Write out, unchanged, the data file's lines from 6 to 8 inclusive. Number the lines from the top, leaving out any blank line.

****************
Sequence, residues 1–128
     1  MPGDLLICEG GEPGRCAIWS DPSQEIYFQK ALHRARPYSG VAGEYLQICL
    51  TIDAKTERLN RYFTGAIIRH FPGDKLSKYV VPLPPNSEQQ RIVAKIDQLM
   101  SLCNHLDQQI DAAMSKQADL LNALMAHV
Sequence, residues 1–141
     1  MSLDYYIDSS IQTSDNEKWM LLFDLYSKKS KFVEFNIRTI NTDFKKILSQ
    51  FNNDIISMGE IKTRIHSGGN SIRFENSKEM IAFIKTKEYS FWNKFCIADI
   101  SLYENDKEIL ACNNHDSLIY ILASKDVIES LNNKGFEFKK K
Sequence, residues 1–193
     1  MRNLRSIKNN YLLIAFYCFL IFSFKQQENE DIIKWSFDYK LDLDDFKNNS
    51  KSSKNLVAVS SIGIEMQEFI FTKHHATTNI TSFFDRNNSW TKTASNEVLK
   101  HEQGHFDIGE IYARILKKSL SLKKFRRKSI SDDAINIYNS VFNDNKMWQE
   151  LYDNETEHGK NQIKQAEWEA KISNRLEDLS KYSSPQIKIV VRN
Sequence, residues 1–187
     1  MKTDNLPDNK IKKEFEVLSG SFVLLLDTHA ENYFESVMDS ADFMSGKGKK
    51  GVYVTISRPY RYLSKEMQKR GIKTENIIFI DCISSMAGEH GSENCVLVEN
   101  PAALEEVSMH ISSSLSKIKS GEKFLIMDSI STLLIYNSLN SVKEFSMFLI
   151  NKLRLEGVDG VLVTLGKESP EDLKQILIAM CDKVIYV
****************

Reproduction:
     1  MSLDYYIDSS IQTSDNEKWM LLFDLYSKKS KFVEFNIRTI NTDFKKILSQ
    51  FNNDIISMGE IKTRIHSGGN SIRFENSKEM IAFIKTKEYS FWNKFCIADI
   101  SLYENDKEIL ACNNHDSLIY ILASKDVIES LNNKGFEFKK K